Today, Illidge is a senior editor at the Lion Forge imprint Catalyst Prime, a job he got in June 2016 to oversee a new superhero/sci-fi comic book universe featuring diverse characters — and, just as important to Illidge, diverse creators — with stories taking place all over the world.
“What attracted me to the job was, as an alumni of Milestone Media, I have always in my career in comics believed in the promotion of people from different backgrounds as creators through fiction,” Illidge told The Washington Post’s Comic Riffs. “Having the opportunity to take the next step of that dream and make it a reality with a company that believes in the same things was impossible to resist.”
Catalyst Prime’s comics include “Noble,” featuring a black astronaut who goes missing on assignment in space and resurfaces with superpowers, though he’s on the run in Latin America while his wife and a Latina-led secret organization track him down. The series “Accell” centers on a Latino character who runs faster than the speed of thought after exposure to an alien object. Cosmosis, a character with down syndrome, is featured in the series “Superb.” There’s even a color guide, created at the suggestion of Catalyst Prime editorial assistant Desiree Rodriguez, that assures that when characters leave their own title and appear in another, their hue remains consistent.
Illidge has assembled some of the top writers in comics, including David Walker (“Luke Cage”), Christopher Priest (“Black Panther”) and Amy Chu (“Poison Ivy: Cycle of Life and Death”).
While a strong believer in diverse characters written and drawn by talent that’s just as diverse, Illidge says that won’t be the only philosophy that defines Catalyst Prime.
“We don’t always want to do straight lines, because in a weird way that segregates talent,” Illidge said. “That only says, well if you’re black, you can only write black characters or if you’re a woman you can only write a female character. We want to show that we can expand beyond that.”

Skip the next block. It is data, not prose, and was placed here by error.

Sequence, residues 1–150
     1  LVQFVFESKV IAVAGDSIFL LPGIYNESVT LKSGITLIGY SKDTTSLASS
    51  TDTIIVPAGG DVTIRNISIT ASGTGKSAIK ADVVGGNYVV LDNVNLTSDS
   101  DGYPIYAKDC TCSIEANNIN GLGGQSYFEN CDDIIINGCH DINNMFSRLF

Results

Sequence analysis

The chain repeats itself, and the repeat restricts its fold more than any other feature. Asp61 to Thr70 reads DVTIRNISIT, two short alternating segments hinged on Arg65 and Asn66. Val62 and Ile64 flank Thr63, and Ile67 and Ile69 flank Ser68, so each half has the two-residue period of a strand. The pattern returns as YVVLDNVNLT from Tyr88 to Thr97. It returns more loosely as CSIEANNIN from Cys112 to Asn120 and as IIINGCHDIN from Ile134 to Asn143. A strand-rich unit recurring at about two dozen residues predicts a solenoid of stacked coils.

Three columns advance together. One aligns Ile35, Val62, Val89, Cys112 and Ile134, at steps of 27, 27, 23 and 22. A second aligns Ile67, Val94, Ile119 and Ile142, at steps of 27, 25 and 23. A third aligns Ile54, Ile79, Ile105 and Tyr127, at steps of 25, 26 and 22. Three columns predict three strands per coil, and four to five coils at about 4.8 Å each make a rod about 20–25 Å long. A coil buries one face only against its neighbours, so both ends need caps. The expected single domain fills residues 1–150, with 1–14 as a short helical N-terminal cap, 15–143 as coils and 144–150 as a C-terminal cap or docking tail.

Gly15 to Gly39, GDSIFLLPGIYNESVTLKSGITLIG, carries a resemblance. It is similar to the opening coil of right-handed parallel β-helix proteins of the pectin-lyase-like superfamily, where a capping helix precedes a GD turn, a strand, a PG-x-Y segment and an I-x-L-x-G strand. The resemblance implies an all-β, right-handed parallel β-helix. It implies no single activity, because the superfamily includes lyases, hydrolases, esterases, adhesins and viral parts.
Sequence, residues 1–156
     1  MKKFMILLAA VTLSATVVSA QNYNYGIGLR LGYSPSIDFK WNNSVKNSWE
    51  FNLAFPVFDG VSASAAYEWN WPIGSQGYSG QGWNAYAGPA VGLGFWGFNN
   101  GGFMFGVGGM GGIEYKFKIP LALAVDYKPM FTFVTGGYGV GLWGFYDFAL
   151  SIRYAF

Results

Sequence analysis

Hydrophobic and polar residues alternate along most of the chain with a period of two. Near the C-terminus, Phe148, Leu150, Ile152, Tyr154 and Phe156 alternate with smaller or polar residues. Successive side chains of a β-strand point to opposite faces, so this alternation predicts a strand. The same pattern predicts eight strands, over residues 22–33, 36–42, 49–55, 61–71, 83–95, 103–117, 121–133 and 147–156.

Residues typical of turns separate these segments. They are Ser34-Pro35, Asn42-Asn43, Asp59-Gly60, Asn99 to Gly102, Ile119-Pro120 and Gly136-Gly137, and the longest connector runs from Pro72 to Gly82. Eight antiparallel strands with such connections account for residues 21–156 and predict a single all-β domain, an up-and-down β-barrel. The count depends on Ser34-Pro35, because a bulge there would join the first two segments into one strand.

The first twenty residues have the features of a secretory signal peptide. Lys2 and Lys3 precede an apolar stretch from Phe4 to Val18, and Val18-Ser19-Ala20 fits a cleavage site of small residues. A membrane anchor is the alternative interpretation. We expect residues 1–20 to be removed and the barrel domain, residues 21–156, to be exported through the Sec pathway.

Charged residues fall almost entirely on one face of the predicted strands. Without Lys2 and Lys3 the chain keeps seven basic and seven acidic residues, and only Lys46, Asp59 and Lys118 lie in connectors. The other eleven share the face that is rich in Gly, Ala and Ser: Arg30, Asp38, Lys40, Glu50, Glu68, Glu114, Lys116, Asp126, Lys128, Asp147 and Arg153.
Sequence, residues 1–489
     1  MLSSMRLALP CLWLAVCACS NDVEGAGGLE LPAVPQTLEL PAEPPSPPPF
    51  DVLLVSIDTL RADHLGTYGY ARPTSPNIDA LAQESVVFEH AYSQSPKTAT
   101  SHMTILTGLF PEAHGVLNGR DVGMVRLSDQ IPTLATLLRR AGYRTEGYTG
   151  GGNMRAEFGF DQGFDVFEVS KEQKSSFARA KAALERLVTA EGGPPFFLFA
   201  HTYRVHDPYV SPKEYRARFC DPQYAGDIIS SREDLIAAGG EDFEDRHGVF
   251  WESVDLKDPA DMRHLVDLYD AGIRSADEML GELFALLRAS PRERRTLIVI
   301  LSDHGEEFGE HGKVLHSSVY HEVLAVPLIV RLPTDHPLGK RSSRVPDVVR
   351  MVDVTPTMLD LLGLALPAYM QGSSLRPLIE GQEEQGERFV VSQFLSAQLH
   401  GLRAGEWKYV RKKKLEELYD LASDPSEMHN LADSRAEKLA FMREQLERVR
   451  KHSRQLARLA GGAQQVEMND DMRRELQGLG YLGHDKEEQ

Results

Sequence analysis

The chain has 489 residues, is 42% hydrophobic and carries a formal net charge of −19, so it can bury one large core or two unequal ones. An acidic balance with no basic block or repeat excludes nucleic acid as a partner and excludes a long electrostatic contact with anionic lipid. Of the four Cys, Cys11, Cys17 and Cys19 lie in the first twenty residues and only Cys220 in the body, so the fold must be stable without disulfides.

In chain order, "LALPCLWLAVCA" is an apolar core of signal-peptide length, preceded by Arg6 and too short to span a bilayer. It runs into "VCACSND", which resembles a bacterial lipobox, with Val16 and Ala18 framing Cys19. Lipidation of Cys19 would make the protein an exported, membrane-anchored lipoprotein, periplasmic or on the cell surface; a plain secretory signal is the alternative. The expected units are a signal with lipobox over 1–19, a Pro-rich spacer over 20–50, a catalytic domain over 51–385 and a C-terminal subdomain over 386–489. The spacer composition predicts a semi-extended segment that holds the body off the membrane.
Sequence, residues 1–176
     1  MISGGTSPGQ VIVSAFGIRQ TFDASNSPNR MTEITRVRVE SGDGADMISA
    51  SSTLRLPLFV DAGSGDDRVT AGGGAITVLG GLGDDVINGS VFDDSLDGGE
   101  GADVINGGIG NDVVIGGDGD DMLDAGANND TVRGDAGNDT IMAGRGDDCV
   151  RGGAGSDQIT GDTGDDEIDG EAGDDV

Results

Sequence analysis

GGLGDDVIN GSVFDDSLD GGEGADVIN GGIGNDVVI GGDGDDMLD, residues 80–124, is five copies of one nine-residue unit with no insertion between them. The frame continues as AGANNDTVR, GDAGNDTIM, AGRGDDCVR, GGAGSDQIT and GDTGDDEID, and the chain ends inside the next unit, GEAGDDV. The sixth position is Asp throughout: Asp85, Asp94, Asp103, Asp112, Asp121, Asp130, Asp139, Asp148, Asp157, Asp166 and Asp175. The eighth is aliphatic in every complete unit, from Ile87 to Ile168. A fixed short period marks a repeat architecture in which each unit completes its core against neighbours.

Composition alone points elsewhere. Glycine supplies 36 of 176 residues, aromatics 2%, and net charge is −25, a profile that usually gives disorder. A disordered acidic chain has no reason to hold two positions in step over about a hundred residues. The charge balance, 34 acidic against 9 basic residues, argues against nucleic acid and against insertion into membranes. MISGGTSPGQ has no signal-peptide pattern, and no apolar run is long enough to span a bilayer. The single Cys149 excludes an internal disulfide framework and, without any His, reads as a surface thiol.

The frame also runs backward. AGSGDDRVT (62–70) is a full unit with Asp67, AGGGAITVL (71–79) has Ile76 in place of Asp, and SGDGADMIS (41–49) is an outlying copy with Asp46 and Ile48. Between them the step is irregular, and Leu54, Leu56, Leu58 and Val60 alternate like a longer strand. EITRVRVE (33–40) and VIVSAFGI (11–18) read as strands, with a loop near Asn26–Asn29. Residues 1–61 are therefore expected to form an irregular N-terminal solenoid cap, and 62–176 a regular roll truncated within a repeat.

Illidge takes pride in Catalyst Prime’s mission in an era when much of the industry is still catching up to the call for more diversity. He feels Catalyst offers stories for areas of comic book fandom (people of color, women, disabled) that at times have felt they haven’t had enough representation.
Despite efforts at major publishers like Marvel and DC Comics to introduce new, diverse heroes — at times taking existing mantles (Spider-Man, Thor, Green Lantern) and placing them on minorities — Illidge feels a void has been apparent in the comic book industry since Milestone ceased publishing in 1997.
In 2015, Milestone Media announced to Comic Riffs and the world they were returning to comics, but the comeback has yet to happen. Illidge wants the many fans who are eagerly awaiting Milestone’s return to know that there is a comic book universe right now, being overseen by someone who was there when Milestone was born, that can satisfy their needs.
Most importantly to Illidge, McDuffie’s influence at Milestone guides him to this day.
“The biggest lesson I learned from Dwayne that I’m able to bring to this job is that story is the most important thing,’ Illidge said. “Creative ego has to go in back of the story. Every person in the process, from myself as senior editor, the writer, the penciler, inker, letterer, colorist, everyone’s primary job is to tell the story. If we at the Catalyst Prime team can give you that, then I feel like we’re fulfilling our promise to the readers and our fans.”